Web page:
BH marijuana grow operation clears latest hurdle

The former Alreco property in Benton Harbor is pictured last year.

BENTON HARBOR — A proposed marijuana growing operation in Benton Harbor took another step toward becoming a reality Tuesday, with the city planning commission unanimously recommending that a special use permit be approved by city commissioners.

“We felt it was the right thing to do,” to propose the facility in Benton Harbor as a way to stimulate the local economy, explained Alan Bonsett, founder and CEO of NoBo Michigan, which plans to invest $6 million at the site at 900 Alreco Road. “We want to make it a success story the community can rally behind.”

NoBo Michigan has applied to Benton Harbor for four medical marijuana licenses – two for Class C growers, one for a processing center and one for a provisioning center. The provisioning center would be located at a different site. The company can grow up to 1,500 marijuana plants for each Class C growers license it receives.

The project has state approval, and now will need a thumbs up from Benton Harbor commissioners to come to final fruition.

Bill Stohler, director of NoBo Michigan, said his company will hire 65 people, with 18 of them in management and 47 in processing and distribution. He said the first priority for jobs and contracts will be given to Benton Harbor residents and businesses.

They pledged “a living wage” for employees, but didn’t anticipate that health or other benefits would be available until the second year of operation.

The Alreco property was foreclosed on by the Berrien County treasurer’s office due to nonpayment of property taxes three years in a row, and was turned over to the county’s Land Bank when it didn’t sell at the county auction in 2017.

NoBo agreed to buy the property for $450,000.

“I feel like we’re overpaying for the property,” that has been vacant for a long time and has been available for $50 for the past three years, Bonsett said. But he still thinks it will turn out to be a good investment.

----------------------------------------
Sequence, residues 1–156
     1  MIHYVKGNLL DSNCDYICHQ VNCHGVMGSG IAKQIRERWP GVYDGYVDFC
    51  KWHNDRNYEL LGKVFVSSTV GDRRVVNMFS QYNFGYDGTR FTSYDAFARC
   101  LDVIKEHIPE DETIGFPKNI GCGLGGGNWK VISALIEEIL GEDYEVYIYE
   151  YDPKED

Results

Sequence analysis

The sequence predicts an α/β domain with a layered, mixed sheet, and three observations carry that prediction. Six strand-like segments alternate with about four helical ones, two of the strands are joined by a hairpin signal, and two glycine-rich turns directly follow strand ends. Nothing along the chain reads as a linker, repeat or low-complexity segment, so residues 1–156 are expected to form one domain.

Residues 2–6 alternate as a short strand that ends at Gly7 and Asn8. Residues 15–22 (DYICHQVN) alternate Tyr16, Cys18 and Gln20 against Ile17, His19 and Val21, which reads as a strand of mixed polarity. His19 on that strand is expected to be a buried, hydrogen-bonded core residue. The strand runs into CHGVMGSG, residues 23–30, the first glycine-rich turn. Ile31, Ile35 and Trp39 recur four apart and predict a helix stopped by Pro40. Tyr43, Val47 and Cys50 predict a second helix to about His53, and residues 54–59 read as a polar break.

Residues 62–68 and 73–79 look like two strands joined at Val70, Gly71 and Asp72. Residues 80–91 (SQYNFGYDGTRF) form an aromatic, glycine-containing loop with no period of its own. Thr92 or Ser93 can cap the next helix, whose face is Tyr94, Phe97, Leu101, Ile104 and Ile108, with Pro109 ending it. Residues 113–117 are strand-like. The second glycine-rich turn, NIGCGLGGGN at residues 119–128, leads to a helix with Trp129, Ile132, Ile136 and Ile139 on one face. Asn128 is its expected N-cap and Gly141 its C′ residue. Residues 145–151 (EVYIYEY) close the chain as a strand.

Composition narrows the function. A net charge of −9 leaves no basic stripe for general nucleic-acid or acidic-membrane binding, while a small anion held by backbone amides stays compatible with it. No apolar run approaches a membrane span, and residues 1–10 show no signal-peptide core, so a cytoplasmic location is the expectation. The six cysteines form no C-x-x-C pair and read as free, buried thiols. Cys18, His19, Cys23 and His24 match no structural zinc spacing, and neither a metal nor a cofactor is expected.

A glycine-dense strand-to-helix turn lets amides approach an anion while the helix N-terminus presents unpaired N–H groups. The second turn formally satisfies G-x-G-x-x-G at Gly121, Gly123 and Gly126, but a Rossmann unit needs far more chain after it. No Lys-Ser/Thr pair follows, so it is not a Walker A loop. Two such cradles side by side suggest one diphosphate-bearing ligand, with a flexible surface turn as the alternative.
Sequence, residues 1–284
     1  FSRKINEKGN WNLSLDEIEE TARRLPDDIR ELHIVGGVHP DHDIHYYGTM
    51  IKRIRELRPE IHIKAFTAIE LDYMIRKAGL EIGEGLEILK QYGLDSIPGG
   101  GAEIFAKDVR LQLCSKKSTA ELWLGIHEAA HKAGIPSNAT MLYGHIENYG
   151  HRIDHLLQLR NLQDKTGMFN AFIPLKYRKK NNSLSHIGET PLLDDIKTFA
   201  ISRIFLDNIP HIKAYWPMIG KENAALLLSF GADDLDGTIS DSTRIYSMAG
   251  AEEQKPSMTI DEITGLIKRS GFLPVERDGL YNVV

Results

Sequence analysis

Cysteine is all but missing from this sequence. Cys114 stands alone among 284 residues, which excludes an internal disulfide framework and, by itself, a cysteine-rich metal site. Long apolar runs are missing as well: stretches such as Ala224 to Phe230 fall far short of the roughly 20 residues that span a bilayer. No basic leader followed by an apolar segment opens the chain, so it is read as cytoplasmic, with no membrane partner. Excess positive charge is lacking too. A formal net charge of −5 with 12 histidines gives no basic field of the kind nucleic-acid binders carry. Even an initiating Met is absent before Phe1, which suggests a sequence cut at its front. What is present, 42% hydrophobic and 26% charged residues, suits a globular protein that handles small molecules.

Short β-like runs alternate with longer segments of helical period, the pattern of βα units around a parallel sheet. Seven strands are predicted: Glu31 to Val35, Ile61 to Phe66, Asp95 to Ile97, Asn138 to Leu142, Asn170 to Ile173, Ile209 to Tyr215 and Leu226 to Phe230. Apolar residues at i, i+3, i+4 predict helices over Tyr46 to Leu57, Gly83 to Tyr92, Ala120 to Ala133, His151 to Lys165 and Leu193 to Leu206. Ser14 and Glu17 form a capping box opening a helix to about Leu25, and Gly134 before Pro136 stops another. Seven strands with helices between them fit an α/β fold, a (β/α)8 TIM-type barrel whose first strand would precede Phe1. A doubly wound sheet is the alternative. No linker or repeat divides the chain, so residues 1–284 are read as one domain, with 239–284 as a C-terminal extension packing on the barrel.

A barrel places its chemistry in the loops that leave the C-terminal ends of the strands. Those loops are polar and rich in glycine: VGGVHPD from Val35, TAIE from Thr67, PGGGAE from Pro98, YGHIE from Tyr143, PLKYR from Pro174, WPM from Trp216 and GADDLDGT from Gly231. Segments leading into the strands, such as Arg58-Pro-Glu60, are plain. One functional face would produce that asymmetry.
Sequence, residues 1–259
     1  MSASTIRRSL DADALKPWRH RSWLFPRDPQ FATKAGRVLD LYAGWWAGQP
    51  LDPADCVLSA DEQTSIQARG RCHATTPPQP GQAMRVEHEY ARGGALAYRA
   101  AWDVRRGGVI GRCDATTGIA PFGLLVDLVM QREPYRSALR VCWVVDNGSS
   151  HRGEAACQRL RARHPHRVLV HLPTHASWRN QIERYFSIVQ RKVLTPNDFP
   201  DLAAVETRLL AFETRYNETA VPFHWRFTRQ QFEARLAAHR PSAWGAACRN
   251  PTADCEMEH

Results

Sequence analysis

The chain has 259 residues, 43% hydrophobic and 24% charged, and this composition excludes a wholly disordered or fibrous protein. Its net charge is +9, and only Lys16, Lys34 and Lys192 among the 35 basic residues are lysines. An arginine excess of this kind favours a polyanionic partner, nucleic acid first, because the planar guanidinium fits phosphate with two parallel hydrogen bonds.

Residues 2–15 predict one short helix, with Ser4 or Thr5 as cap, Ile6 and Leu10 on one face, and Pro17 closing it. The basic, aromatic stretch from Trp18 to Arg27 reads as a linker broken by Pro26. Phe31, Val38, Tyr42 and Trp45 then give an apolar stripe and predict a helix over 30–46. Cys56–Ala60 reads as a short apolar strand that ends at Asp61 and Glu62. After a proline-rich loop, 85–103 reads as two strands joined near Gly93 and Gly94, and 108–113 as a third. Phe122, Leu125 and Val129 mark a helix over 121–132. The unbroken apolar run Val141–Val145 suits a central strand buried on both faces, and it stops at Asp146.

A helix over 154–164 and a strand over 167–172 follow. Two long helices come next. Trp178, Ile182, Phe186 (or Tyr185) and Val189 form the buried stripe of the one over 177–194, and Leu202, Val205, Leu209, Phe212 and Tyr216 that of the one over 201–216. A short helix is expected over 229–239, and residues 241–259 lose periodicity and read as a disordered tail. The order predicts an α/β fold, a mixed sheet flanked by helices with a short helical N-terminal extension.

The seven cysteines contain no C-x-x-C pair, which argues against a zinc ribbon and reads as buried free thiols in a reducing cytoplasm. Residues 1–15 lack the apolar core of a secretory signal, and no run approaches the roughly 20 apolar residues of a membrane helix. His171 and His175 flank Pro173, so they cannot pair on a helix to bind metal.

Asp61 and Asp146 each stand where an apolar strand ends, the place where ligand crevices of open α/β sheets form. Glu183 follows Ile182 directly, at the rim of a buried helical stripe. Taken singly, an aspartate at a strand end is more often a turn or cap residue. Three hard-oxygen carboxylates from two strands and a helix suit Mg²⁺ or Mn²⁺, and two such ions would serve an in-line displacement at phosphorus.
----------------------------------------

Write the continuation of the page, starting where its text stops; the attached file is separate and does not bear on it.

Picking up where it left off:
Bonsett said NoBo plans to be a growing and distribution center for other marijuana retailers in Michigan, and the 11-acre property is large enough to accommodate other growers in the future.

The city of Benton Harbor is missing out on more than $15,000 a year in taxes by leaving the property vacant, and the school district is losing $4,500 a year, according to the county treasurer, Stohler said.

Berrien County Treasurer Bret Witkowski has said that based on NoBo’s estimates, Benton Harbor will receive an additional $100,000 in annual property taxes from the property, with $54,000 going to the general fund and the rest going to the Twin Cities Area Transportation Authority, Benton Harbor Library and the city’s retirement fund.

As to the desire to boost Benton Harbor’s economy, Commissioner Eddie Marshall asked “Why now?”

“Why not Benton Harbor?” Bonsett responded. “The more we’re here, the more we make friends.”

Stohler has had ties to the region for 35 years, including a business in Cassopolis, he said.

Several residents spoke in favor of the proposal. Jerry Edwards pointed out that NoBo is one of only two groups to invest in the city before getting a final go-ahead.

“It’s going to come, regardless,” Edwards said.

One letter was read in opposition, calling the plan “a bird in the hand” that could prevent a manufacturer from locating at the site.

City Manager Darwin Watson noted that the site has been vacant since 2007.

Stohler asked that a special meeting of city commissioners be called to quickly finalize the deal and get things rolling. Watson said that the plans will need to be reviewed by the city engineer before being forwarded, with a maximum of 45 days until the final vote.

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